While technology can bridge gaps for people who live in rural communities and enable them to find online peer groups, it can also isolate folks, especially when they use digital interaction to replace physical interaction entirely. But, when access or distance is a barrier, then online support is a fantastic resource. I know we’re having a LOT of success in our online groups.
We regularly see participants report that, knowing their weekly group chat was coming up allowed them to stay abstinent when they usually would have drunk or used. Additionally, we’ve had participants in our closed online support group reach out to others in the middle of a difficult emotional time and receive support that allowed them to stay away from danger and take constructive action.
Technology can be a powerful tool.
Here’s what you can do to prevent or treat loneliness:
- Get involved in your community. The choices are unlimited! You can act in a community play, volunteer at a local shelter, sign up for the community garden, or enroll in a class at your community college. The website Meetup.com offers a slew of options for joining others for essentially ANY activity (they literally have groups for bingo, hiking, real-estate buying an everything in between). If you are an employer, consider providing structured settings for employees to get to know one another on a personal level.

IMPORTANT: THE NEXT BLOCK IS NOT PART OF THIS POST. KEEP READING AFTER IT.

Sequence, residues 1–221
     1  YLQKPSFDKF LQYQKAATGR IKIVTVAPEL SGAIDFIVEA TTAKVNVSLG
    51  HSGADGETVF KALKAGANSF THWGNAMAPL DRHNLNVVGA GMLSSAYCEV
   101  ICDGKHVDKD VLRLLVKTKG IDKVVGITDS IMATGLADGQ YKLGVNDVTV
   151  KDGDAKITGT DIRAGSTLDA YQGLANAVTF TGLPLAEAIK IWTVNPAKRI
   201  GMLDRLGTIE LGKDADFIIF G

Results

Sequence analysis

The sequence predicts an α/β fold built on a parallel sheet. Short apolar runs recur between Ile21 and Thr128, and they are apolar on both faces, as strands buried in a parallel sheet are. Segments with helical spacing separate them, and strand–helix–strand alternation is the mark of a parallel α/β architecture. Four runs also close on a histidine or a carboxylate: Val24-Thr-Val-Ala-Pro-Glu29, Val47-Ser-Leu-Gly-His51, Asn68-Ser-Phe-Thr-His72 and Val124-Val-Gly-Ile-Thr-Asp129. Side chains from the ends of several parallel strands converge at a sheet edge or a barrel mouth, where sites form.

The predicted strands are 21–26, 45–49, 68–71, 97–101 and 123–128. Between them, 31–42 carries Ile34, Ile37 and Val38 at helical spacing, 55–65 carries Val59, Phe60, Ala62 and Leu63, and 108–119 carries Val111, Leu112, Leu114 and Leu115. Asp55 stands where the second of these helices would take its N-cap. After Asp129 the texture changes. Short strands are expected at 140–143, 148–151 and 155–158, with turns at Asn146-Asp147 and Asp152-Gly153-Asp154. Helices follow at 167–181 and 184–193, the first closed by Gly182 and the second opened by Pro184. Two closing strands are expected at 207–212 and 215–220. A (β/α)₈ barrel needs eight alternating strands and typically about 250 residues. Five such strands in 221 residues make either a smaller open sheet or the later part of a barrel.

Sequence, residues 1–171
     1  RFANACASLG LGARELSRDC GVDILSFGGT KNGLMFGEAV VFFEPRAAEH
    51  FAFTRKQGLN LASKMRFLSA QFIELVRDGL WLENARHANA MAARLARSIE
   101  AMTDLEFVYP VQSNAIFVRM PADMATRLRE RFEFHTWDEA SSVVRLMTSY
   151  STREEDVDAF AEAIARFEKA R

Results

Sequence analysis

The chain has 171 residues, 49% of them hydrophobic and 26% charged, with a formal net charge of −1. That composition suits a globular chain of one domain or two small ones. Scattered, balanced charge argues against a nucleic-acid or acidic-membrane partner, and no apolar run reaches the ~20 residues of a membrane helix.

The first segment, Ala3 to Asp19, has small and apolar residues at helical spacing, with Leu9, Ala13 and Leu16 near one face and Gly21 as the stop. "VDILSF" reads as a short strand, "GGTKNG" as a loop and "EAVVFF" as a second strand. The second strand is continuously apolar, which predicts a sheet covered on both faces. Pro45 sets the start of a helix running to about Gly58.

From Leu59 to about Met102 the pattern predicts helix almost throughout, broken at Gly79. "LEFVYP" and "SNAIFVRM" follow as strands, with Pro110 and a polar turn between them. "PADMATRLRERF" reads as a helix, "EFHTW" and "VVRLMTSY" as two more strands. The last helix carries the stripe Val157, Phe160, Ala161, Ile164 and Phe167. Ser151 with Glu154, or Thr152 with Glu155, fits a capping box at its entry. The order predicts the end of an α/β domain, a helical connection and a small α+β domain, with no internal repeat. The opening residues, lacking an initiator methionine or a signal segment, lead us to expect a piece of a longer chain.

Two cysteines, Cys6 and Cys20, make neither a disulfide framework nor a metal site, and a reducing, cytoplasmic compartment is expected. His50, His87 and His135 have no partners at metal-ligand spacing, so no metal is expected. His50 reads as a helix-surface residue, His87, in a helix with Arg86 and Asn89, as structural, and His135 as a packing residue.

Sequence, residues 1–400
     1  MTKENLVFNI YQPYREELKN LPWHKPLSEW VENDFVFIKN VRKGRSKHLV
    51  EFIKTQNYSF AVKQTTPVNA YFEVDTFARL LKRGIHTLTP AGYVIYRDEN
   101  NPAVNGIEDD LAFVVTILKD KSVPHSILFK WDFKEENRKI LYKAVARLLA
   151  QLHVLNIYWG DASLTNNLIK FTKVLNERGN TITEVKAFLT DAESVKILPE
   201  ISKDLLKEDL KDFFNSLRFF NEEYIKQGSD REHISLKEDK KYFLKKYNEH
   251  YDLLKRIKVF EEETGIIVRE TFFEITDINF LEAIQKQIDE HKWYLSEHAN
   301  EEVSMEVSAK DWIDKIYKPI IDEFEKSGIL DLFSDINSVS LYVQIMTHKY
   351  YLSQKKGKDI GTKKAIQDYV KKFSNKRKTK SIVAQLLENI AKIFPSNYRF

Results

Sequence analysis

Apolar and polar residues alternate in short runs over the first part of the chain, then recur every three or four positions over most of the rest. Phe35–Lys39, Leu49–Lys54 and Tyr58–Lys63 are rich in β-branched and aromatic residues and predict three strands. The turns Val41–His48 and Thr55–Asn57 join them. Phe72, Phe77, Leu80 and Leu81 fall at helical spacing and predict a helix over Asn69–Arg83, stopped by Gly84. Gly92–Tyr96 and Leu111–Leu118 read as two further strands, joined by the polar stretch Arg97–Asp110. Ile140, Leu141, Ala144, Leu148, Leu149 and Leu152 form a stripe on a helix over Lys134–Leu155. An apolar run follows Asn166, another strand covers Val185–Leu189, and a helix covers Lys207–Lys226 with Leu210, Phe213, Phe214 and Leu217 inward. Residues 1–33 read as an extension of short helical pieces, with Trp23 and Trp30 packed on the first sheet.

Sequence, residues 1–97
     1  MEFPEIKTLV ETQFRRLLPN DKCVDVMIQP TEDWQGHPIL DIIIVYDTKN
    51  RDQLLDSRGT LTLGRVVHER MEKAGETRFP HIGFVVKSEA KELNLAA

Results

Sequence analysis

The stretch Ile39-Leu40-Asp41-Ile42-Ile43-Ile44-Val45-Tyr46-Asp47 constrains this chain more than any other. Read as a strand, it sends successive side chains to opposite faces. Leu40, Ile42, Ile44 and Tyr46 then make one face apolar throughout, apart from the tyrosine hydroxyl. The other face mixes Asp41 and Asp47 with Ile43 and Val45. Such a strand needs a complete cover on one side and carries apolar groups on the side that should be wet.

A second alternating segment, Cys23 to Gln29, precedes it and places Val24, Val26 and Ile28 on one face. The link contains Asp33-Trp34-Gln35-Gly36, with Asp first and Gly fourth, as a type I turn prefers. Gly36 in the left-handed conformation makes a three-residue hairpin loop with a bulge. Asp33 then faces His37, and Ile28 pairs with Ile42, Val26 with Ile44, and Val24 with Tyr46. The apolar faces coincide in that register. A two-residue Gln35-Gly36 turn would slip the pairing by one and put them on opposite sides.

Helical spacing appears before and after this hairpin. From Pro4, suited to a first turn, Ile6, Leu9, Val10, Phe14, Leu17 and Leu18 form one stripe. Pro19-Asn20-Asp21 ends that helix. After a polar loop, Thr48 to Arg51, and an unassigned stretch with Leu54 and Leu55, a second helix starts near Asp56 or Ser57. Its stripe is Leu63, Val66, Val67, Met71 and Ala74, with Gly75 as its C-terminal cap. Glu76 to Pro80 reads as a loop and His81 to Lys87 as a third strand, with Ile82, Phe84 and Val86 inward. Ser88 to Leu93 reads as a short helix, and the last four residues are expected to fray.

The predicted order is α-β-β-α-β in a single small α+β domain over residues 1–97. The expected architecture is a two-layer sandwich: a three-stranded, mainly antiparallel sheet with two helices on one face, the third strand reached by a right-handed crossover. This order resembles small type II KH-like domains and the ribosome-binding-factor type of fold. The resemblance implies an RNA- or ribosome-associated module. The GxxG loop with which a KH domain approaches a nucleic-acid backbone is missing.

- If you are struggling with drugs or alcohol, choose a recovery program that has a social element to it as well as educational and inspirational components (like the IGNTD Recovery Hero Program).